A favorite site of mine for Israeli Polling data is Jeremy's Daily Knesset Blog. Jeremy tracks polling from a number of different sources. I am looking forward to seeing the whole poll here but in his last two polls he shows the Right Gaining although he also show Labor picking up seats. One part of his poll shows the tent protestors or Yair Lapid getting up to 20 seats should they run... With Yachimovich at the helm of Labor I wonder if that would still be the case (I highly doubt it). But in any case read the site. It has all of the happenings in the Knesset and so forth.

With all the goings on in the area this is an "under the radar" story that could be important. I think it is well worth checking out.


Mahmoud's Protocols

Iranian President Mahmoud Ahmedinejad channeled the infamous antisemitic libel The Protocols of the Elders of Zion in his recent interview with The Washington Post.  His rhetoric also mirrored the language of the Hamas Charter in blaming the "Zionists" for all the evils in the world.  Rather than let others whitewash his language, and claim that is not what he really meant, here is what he told The Washington Post:

The United States has a population of 300 million and the whole population is going to be sacrificed for the interests of a few hundred Zionists.  A dreadful party, a feared party, the party that was behind the first World War and the Second World War.  Whenever there is a conflict or war this party is — behind it.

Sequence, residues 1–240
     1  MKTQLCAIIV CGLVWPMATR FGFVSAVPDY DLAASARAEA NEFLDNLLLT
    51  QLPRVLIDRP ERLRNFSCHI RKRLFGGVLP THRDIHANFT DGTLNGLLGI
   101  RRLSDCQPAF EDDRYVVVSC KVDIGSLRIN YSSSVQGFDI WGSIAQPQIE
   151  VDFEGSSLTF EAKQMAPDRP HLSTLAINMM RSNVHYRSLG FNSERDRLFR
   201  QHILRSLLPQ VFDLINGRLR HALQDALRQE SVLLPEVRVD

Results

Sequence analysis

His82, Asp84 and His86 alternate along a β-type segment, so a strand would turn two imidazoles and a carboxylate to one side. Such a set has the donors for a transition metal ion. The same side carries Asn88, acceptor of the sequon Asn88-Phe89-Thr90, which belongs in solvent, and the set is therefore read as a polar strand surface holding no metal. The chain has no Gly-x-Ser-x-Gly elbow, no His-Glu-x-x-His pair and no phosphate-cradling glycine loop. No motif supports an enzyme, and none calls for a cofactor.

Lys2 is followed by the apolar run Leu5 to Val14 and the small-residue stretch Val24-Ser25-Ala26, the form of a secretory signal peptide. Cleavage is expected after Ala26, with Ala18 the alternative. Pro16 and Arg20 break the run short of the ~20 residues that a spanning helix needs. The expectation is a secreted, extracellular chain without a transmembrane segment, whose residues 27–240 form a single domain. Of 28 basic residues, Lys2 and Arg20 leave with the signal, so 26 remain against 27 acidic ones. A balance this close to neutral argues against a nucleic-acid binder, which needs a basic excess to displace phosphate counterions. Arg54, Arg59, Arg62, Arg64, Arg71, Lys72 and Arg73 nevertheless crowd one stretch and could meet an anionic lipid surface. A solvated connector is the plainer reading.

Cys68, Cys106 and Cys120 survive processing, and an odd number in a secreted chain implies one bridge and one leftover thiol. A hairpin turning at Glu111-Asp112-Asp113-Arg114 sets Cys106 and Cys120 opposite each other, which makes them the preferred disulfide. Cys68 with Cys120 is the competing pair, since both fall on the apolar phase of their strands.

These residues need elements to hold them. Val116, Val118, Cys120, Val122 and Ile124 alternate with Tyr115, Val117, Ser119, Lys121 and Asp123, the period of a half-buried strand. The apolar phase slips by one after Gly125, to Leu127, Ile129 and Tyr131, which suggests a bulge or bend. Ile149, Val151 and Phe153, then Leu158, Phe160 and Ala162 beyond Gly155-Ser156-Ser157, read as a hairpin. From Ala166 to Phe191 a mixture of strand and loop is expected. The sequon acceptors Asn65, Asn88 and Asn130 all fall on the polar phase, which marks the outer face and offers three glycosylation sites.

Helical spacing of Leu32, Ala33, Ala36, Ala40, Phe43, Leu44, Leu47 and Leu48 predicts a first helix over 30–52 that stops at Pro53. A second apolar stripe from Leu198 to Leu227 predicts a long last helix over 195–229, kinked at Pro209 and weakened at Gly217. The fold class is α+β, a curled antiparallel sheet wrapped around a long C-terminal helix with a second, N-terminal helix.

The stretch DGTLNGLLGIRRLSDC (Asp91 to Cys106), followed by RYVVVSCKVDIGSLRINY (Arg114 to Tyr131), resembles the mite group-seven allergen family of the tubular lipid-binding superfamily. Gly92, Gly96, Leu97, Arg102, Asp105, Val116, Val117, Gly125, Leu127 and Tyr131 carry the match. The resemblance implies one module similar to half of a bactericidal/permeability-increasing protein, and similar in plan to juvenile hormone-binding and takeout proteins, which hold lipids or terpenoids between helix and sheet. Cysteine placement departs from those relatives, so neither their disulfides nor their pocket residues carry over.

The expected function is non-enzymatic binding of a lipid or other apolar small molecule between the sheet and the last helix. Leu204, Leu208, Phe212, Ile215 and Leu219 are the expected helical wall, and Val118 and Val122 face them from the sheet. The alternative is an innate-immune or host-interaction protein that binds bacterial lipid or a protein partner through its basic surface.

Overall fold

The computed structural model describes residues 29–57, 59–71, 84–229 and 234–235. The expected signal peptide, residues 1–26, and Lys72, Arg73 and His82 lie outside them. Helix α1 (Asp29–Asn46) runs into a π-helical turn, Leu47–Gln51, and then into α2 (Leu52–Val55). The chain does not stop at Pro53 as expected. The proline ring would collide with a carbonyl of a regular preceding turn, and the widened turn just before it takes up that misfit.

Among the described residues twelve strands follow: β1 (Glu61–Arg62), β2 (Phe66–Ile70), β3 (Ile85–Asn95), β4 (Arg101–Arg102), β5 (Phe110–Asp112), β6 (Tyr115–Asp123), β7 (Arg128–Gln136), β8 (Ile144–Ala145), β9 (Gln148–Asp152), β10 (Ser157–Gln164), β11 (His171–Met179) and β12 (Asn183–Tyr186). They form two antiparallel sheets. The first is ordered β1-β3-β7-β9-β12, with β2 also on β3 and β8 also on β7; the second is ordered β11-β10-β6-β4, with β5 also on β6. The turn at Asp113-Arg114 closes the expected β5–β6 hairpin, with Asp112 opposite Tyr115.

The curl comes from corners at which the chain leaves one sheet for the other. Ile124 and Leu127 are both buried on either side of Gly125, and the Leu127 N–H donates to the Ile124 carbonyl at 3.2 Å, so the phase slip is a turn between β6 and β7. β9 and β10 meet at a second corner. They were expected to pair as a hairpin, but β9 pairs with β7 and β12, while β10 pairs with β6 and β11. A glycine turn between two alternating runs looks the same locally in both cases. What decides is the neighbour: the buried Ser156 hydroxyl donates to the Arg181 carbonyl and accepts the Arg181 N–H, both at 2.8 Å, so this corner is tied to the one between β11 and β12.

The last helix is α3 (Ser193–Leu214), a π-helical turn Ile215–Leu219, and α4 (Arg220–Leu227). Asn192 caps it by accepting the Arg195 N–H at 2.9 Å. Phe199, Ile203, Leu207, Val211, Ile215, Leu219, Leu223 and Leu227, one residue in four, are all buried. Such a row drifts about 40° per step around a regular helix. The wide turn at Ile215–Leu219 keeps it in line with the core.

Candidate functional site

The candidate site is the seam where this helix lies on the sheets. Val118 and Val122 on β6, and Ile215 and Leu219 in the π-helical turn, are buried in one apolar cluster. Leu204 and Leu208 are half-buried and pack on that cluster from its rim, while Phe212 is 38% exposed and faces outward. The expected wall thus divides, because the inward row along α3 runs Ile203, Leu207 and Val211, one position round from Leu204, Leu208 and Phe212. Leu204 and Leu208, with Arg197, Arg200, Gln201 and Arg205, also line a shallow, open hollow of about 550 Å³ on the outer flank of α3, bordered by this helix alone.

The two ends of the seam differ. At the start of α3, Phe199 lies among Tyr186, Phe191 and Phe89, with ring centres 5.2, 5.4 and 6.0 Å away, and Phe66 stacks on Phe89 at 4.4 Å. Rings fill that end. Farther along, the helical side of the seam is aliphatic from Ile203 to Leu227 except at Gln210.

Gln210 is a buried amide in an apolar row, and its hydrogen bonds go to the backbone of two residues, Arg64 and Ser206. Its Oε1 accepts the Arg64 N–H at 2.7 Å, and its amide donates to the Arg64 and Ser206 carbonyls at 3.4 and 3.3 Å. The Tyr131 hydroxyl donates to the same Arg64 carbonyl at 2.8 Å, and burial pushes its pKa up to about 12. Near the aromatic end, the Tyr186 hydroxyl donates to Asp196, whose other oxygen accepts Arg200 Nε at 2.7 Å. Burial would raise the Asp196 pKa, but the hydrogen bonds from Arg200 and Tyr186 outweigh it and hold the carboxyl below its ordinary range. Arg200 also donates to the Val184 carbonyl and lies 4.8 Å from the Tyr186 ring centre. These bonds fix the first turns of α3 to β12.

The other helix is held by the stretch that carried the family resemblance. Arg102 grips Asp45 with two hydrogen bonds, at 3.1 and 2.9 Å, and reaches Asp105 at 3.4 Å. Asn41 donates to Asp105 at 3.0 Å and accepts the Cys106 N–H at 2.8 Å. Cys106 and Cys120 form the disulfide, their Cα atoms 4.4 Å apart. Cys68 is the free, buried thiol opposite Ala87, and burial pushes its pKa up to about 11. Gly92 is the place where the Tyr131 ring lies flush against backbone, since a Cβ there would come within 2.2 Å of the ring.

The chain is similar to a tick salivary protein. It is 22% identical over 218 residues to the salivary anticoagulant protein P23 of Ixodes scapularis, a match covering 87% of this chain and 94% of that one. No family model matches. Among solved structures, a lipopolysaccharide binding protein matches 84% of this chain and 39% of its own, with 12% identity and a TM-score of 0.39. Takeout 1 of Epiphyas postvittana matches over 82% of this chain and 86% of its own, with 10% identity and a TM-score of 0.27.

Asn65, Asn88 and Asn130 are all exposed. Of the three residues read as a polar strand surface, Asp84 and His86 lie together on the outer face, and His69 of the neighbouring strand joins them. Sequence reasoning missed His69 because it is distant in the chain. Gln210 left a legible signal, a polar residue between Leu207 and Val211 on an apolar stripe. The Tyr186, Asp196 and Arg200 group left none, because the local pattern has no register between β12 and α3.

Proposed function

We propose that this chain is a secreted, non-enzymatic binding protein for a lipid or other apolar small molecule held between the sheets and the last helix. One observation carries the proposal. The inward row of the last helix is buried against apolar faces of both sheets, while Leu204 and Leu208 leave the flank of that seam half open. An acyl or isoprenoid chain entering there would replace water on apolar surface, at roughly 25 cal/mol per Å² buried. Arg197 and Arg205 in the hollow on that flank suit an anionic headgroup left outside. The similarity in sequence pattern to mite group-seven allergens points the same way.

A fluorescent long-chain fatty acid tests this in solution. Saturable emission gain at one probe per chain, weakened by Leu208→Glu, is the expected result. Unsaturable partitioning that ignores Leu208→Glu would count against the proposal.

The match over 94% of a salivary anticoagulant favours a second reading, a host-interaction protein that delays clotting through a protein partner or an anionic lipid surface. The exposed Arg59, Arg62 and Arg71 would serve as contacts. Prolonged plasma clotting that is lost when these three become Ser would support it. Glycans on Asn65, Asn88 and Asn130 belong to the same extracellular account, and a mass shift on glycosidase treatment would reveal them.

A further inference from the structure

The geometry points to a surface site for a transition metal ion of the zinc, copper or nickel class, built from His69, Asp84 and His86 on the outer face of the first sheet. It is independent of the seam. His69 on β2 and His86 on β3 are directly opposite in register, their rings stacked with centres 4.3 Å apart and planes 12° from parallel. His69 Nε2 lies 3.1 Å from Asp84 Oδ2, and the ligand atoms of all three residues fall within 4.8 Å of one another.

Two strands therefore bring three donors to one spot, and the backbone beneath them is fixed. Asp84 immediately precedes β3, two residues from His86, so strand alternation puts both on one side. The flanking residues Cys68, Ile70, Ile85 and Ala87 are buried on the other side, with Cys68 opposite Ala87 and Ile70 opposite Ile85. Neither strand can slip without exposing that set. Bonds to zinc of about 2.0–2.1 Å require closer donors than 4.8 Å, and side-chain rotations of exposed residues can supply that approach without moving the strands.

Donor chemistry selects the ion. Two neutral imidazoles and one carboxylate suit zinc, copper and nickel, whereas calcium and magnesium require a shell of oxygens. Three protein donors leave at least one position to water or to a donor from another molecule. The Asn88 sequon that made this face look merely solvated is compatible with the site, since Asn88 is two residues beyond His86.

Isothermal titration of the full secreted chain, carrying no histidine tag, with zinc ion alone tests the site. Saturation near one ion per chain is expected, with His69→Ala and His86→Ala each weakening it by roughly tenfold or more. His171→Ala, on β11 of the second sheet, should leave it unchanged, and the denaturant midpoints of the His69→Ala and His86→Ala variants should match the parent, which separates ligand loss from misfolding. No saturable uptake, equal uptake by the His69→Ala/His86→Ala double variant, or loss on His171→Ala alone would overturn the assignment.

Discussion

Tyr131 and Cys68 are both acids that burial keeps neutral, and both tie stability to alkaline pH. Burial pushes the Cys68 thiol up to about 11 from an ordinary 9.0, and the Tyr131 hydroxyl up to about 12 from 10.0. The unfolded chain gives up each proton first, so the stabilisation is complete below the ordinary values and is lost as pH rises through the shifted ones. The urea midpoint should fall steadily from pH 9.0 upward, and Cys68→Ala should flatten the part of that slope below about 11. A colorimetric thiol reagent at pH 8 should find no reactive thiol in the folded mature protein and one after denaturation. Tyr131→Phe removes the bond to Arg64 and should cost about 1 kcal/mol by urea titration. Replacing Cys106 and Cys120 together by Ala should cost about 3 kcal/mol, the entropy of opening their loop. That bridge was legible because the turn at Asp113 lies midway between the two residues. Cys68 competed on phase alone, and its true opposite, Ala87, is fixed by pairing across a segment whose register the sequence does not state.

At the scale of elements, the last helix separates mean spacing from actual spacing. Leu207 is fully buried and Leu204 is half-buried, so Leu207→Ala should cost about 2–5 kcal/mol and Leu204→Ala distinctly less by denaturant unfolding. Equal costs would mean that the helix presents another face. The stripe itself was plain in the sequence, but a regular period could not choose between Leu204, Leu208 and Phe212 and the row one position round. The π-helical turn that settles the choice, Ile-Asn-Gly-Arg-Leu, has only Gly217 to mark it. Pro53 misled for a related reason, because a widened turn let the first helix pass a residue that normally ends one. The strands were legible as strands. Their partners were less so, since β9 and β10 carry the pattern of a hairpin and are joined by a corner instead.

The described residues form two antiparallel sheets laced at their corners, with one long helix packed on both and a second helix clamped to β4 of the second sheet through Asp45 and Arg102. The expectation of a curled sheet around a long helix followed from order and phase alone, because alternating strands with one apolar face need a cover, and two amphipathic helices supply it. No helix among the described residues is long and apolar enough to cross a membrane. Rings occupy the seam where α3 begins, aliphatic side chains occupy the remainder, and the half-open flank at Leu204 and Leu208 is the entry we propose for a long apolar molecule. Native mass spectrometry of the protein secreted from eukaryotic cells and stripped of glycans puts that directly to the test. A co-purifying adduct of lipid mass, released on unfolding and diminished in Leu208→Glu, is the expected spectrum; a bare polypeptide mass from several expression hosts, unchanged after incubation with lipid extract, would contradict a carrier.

Ahmedinejad then goes on to effectively deny the historic connection between the Jewish People and the Land of the Israel:

I hope that [the Palestinian state at the U.N.] will happen very soon and that can be the beginning point. That should be the beginning of the liberation of the entire Palestinian land. The Palestinian nation existed before the Palestinians had unwanted guests pour into Palestine with guns.

Unfortunately, this is not Ahmedinejad's first brush with antisemitism.  He consistently speaks of wiping the "Zionist Entity" off the map.  He cannot even bring himself to mention Israel's name.  Additionally, he has routinely denied the Holocaust in the past, usually in the guise that he's "only asking questions," as if there existed any doubts about the extent of the horror reined upon our people, upon my relatives, that remained in Europe.

This is the man that keynotes the antisemitic hate-fests better known as the U.N.'s Durban Conferences, the newest of which will be held here in New York this month.  Between that, and the constant criticism of Israel, and singling out Zionism, Jewish nationalism, and Zionism alone, as racist, people really wonder why so many of us consider the U.N. an antisemitic forum?


AND... There we have it.

Saying that it would be in the best interests of all concerned, the P.L.O.'s Ambassador to the United States, Maen Areikat commented that the future Palestinian State would be "free" of a Jewish minority.